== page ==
To gain some further insight into the details of his program experience, we asked about his classes and what really jazzed him.
“I don’t really think there was a class that I liked less than any of the others. I enjoyed all the classes. I think my favourite class was storytelling though, just because writing is my signature strength. Ever since I was a child, I’ve been writing so it’s something that I’m very good at and I enjoy doing it. It’s more a talent than a skill. Over the years, I’ve acquired more skills. I’ve learned how to get better at it as I got older so it’s something that comes easily for me.
“Production is another class that I really enjoyed because that’s when we actually learned how to shoot our videos. Every Tuesday and Thursday we had production classes, but Tuesday was remote; we did it just online. Thursday was the day of the shoots. We would go out and actually do the work; I enjoyed that very much. At first, I was uncomfortable with being on camera and operating a camera, which I didn’t actually start doing until semester two. But once you’re out there and you’re making your videos happen, you’re creating magic and it’s just so fun. It’s an exhilarating experience. One that made me realize that there’s really nothing else that I could imagine myself doing.”
Seems his Anderson experience sparked a deeper understanding of where Terry could take his talents and his future.
“This production piece is really the whole world for me now and taking this program helped me to understand that more clearly. When I was a kid, I always thought that I wanted to make videos and films but now, I know that is exactly, for sure, what I want to do.
“Another class that we had was postproduction. In this, I learned how to edit videos. This is something I’m actually trying to find a job in right now. I really enjoy video editing too because I love the pacing and the placement of your video clips and how you tell the story. Because I’m a storyteller, it’s different than just writing because now you’re doing it from a visual sense. In putting together the music and the sound effects it’s just another excellent way to keep the viewer interested and to tell a very captivating story.
“And the last class that we had, was marketing. It’s more from a business perspective. In that class, our teacher Carson taught us essentially how you become a producer. When I found out we were having this business/marketing class, I wasn’t interested in it. I didn’t think I would like it because I didn’t understand business very well. But it was a wonderful experience; our teacher was amazing and knew just how to reach us. It became a very personal thing for me, I’m now interested in becoming a producer moving forward.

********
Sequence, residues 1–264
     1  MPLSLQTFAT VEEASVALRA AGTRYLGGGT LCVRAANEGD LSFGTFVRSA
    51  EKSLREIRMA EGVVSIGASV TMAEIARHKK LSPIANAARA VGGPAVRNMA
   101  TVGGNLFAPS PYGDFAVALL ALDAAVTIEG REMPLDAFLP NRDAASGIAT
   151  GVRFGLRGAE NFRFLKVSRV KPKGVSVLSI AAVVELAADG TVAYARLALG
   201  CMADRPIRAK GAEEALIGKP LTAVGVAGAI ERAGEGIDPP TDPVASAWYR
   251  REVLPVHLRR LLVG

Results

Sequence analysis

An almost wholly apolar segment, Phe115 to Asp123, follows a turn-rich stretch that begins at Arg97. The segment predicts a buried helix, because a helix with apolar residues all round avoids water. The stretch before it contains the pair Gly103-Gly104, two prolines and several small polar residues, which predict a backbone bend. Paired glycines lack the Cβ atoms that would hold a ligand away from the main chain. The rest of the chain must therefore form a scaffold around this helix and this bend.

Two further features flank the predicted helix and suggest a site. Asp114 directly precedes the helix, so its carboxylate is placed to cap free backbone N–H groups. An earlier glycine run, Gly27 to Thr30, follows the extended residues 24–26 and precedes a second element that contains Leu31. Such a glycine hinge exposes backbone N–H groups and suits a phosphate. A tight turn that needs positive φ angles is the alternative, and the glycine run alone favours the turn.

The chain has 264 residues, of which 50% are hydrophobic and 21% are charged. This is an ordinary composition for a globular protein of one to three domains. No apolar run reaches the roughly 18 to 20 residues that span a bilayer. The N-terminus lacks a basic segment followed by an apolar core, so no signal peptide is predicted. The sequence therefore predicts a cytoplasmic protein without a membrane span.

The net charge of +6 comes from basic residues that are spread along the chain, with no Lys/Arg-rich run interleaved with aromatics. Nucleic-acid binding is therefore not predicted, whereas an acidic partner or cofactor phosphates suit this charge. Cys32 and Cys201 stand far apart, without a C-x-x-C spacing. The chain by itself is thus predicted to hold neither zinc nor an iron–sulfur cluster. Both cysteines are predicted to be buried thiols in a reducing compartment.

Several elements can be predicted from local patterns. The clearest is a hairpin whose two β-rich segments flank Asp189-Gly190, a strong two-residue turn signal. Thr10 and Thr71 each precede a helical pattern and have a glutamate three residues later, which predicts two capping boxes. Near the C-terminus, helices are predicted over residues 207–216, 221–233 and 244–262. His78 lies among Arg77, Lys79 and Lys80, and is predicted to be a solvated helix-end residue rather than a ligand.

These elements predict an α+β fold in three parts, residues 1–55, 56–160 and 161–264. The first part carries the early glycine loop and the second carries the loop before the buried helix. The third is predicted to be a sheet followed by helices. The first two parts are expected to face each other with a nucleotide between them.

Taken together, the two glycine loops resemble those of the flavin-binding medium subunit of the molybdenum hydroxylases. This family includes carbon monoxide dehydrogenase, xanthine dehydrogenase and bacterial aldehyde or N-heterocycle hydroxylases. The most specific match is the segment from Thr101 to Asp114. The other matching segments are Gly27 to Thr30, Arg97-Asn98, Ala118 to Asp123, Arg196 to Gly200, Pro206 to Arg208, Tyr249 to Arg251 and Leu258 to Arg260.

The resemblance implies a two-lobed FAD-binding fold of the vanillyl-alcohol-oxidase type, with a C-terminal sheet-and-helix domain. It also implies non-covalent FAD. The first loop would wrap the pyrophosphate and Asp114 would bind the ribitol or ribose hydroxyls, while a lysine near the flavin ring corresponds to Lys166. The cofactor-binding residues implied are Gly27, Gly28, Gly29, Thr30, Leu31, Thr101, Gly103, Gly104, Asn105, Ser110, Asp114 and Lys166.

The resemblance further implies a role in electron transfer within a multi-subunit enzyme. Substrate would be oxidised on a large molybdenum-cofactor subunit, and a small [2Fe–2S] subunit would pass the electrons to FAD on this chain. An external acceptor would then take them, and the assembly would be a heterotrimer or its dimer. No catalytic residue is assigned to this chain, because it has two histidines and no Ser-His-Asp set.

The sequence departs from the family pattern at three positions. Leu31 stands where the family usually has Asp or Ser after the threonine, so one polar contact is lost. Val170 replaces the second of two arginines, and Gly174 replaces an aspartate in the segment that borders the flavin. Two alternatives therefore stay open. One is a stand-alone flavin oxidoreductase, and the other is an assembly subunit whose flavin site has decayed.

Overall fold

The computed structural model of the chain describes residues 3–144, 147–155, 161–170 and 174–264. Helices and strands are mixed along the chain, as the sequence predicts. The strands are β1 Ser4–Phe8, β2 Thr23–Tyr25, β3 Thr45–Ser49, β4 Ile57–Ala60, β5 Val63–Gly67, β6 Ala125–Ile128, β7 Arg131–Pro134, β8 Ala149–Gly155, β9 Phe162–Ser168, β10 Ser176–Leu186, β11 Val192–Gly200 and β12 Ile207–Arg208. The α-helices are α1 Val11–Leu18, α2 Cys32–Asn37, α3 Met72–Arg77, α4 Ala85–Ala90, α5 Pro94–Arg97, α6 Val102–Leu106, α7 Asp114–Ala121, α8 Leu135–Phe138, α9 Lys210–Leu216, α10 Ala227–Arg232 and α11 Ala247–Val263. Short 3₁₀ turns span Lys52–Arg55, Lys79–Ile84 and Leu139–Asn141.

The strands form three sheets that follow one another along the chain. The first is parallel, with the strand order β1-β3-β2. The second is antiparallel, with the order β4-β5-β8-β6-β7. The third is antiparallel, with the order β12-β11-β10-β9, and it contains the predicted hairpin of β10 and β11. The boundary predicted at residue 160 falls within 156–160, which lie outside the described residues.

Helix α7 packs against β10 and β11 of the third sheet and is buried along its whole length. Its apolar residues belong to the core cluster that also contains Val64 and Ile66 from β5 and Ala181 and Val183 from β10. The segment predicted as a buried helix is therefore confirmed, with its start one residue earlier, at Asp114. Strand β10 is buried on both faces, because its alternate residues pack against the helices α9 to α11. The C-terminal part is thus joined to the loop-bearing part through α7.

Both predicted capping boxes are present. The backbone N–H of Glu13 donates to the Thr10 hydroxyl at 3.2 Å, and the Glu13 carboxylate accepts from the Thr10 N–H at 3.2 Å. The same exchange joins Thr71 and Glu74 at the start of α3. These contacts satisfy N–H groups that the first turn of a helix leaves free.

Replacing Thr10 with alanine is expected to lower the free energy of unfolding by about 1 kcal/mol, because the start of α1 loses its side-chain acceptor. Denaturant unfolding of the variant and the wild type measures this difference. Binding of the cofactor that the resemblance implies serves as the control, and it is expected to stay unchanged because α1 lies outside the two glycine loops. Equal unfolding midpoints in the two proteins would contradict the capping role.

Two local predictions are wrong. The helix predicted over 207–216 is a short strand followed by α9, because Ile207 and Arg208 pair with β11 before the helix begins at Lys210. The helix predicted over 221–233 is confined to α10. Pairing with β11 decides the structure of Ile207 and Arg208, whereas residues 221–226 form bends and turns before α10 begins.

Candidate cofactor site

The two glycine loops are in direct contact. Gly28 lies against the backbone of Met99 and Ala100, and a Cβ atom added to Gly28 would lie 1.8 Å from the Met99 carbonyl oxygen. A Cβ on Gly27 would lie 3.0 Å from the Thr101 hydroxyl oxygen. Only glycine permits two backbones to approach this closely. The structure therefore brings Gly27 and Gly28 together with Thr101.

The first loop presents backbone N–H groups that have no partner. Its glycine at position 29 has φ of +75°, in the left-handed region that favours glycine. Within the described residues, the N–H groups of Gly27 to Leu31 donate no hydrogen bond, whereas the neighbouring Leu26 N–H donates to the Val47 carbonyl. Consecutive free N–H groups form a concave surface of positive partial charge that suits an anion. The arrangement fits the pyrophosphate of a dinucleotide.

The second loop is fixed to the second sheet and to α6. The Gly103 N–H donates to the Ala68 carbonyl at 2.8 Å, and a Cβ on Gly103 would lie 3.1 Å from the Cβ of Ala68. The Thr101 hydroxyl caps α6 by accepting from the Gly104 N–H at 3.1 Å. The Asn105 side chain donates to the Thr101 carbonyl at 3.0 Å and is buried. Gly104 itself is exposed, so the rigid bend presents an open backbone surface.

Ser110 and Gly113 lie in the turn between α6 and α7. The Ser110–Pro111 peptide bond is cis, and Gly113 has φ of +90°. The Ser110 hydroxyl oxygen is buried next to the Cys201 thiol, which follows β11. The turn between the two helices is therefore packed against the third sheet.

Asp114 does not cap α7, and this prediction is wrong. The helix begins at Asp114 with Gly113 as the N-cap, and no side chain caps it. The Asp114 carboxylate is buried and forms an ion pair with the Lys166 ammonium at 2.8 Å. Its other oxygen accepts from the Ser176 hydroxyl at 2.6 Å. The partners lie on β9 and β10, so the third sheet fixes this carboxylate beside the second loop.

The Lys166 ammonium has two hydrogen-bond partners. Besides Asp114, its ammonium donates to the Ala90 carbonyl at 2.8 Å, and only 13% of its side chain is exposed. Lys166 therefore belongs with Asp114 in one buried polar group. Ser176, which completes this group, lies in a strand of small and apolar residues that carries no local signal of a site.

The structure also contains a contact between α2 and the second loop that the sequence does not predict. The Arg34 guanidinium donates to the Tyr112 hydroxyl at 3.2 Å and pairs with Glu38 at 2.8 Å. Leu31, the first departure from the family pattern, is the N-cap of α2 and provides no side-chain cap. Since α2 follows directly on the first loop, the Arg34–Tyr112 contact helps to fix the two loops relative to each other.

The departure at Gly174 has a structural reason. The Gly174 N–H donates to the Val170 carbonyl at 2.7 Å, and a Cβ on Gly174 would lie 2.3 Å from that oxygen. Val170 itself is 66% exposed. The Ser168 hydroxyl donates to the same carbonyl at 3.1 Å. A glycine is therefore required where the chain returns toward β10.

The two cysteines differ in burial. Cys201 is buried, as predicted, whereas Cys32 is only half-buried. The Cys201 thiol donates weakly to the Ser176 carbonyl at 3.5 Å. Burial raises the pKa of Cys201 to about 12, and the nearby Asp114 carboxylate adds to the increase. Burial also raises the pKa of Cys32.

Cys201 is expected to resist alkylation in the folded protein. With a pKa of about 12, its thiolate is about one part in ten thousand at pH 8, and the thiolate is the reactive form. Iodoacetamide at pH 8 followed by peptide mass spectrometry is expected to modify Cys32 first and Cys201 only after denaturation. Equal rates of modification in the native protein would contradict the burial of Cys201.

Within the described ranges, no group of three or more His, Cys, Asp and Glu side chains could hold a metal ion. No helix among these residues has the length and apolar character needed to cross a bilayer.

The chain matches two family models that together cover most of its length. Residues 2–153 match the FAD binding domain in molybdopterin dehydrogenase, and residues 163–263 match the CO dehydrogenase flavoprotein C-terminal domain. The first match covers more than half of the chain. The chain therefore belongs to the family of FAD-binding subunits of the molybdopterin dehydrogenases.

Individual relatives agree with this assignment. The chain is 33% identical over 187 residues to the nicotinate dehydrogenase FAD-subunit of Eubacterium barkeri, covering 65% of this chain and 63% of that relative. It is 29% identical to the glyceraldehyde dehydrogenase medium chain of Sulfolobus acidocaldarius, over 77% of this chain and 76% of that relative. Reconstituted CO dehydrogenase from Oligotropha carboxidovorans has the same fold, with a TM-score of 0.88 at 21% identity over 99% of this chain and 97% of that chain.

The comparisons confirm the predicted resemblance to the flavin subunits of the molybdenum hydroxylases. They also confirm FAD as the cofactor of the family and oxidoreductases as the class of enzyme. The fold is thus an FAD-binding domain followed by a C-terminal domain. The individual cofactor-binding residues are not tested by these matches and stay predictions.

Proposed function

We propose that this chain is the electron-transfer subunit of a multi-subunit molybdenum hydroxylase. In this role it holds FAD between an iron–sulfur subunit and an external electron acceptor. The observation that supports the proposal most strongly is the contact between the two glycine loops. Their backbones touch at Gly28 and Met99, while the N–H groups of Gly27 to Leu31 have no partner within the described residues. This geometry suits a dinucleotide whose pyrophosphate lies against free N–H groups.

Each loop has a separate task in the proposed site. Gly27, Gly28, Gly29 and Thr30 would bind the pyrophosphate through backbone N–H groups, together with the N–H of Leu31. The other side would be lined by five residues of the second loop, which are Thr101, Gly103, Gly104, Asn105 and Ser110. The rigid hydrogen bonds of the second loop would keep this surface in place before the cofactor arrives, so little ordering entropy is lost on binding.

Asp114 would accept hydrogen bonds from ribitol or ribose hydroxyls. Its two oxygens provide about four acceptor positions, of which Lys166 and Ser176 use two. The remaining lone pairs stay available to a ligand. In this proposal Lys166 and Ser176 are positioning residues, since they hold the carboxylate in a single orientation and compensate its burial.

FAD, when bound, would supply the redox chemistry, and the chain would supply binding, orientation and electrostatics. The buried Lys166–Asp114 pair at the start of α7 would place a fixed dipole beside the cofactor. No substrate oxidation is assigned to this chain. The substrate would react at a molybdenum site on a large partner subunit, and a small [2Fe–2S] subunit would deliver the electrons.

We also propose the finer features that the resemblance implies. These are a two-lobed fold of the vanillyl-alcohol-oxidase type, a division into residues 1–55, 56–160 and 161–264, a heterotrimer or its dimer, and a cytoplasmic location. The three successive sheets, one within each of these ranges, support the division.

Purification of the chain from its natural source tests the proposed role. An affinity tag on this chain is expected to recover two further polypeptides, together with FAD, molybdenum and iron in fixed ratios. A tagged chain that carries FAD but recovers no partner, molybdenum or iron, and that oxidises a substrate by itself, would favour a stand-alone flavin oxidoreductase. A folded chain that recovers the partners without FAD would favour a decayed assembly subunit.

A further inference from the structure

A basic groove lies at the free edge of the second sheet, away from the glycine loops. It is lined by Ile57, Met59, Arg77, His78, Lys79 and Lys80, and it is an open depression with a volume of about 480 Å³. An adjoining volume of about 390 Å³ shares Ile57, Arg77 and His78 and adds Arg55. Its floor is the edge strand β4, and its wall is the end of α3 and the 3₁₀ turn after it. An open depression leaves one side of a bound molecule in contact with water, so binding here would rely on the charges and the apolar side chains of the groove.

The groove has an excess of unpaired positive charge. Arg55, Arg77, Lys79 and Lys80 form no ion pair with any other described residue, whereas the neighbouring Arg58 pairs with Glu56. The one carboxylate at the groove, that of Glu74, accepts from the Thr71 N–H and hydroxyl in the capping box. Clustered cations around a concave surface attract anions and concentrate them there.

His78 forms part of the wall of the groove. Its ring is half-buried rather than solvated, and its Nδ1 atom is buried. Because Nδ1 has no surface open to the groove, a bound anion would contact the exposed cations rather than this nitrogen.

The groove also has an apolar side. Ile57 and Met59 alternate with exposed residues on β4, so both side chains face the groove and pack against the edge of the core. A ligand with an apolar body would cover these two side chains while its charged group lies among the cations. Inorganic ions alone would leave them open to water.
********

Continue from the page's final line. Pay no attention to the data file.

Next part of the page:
“I’m also opening doors to find full-time work within a production company or a digital media agency, again, a corporate world. But on the side, I also want to invest my money into funding productions of my own so that I can make my own films and I want to start with short films. I have a script already for one that I wrote called “Mama’s boy”. To get it going I need locations, some actors, and more equipment for gear. But, to finance this I’m going to need a full-time job first. So, I’m trying to strike that balance between working in the field and creating independent works.”
We asked Terry about platforms and where he focuses his efforts to get his videos out into the world.
“I have a YouTube channel and, during my last semester of school, I started taking videos that I have worked on throughout my school year and uploading them to share. I’ll share across all major social media platforms, but YouTube will probably be the main one. I’ve got some videos there now, most have about 20 views, some 40, and others only 10. But the documentary that I made for my sister and her daughters, I uploaded on March 6, and it already has over 8,300 views and it feels amazing.”